I think it's a reasonable question. It would be great if one of our online attorneys would weigh in on these issues. I am certainly not one of them, so take my thoughts for what they're worth!
Like most liability issues we face, it all has to do with "standards of care." If someone gets injured, and it could be demonstrated that the injury was somehow related to the tune of the skis, and that those skis were tuned by a shop to a condition below some reasonable standard of care, there could be legitimate grounds for a law suit.
Suppose someone skids off the slope into a tree because freshly tuned skis were dull as hoes. Or someone catches an edge and hits a lift tower--or another skier--on skis that were badly railed or concave. Either of these accidents could possibly be directly linked to the poor tune of the skis.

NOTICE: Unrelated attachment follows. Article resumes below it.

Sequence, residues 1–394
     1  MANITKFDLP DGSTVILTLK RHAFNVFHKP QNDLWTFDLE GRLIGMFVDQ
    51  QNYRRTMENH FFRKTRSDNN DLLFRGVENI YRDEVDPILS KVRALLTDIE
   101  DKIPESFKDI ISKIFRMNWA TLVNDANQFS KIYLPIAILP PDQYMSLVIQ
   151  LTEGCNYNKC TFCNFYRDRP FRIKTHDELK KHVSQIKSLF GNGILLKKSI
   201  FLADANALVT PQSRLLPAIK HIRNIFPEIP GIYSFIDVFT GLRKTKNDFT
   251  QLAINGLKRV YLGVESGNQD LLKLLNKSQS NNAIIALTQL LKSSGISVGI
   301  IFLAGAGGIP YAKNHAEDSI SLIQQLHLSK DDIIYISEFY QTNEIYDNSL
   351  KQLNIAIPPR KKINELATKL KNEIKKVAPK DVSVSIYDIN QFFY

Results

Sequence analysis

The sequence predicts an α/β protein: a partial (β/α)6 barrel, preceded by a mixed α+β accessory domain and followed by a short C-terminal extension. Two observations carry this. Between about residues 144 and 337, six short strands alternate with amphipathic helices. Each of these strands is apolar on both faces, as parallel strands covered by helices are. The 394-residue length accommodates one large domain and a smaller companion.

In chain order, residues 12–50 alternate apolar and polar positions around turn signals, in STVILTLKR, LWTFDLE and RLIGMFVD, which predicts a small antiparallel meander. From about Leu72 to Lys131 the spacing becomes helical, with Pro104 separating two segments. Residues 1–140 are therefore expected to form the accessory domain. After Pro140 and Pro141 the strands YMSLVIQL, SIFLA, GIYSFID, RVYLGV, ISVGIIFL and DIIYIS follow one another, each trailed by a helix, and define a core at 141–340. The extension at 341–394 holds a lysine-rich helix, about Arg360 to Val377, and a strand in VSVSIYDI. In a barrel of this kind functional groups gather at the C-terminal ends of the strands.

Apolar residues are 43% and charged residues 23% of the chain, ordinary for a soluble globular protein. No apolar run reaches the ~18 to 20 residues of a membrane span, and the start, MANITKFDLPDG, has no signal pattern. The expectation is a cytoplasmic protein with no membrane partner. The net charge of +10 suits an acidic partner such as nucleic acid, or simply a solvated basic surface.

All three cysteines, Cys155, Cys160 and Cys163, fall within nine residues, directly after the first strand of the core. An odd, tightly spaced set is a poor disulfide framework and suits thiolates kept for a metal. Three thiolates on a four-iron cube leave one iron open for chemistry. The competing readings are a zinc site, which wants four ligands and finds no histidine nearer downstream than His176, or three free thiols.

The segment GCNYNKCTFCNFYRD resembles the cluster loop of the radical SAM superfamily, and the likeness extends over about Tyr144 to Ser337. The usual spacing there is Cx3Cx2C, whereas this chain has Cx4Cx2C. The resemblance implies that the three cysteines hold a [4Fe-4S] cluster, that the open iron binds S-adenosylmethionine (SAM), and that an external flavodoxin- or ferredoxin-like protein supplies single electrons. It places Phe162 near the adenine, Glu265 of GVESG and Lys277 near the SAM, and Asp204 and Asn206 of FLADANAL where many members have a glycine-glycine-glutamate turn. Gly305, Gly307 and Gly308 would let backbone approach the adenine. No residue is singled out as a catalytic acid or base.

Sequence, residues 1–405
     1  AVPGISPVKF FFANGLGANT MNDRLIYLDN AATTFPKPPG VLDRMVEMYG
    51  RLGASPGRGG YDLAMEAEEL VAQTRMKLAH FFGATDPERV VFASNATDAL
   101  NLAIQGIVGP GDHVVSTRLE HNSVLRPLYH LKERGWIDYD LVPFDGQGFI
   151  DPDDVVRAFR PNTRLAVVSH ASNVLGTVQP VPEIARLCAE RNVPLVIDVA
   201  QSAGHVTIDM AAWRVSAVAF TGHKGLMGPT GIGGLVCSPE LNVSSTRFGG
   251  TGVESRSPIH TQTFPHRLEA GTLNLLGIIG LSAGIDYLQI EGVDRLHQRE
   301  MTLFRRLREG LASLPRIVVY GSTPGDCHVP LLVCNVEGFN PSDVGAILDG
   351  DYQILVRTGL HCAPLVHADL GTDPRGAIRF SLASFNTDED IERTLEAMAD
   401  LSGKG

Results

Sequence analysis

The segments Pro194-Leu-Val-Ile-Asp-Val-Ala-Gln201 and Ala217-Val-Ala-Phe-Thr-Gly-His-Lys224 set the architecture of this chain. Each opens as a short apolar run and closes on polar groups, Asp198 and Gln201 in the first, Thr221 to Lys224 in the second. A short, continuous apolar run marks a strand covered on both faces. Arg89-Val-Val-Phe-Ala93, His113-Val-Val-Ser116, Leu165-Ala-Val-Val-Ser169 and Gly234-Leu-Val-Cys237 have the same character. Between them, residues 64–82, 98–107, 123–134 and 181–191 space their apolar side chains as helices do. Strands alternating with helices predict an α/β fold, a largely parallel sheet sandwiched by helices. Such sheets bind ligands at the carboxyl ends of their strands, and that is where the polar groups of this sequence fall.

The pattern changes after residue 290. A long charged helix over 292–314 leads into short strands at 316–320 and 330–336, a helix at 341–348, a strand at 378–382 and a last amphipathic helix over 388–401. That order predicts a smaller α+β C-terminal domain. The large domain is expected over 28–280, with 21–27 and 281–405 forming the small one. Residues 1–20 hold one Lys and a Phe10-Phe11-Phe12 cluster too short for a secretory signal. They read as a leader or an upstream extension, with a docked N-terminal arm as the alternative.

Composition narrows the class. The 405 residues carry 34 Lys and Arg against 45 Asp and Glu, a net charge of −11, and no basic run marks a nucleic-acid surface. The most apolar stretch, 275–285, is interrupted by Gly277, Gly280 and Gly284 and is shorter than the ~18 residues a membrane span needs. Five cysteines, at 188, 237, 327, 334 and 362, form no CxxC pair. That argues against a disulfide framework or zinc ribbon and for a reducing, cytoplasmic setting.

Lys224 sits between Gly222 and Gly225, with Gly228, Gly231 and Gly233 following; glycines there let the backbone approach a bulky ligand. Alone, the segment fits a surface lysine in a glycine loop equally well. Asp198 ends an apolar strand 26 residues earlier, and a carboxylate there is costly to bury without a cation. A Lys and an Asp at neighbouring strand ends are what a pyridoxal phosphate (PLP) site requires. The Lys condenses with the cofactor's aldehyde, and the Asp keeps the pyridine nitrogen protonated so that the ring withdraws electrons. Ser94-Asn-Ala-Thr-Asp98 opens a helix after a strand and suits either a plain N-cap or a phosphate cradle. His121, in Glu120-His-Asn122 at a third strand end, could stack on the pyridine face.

I'm not aware of any LEGAL standards of care regarding ski tuning. In other words, there are no laws that I know of regulating how skis should be tuned. But there ARE, I would argue, INDUSTRY standards of care. And if a shop advertises anything particular about their tunes--"razor sharp" or "perfectly flat," or something, they may fail by their OWN standard of care.
Again, I'm NOT an attorney. But I do suspect that, if a professional tune fails to meet some legitimate standard of care, and that poor tune could be linked to an injury, whoever tuned the skis could be on shaky ground.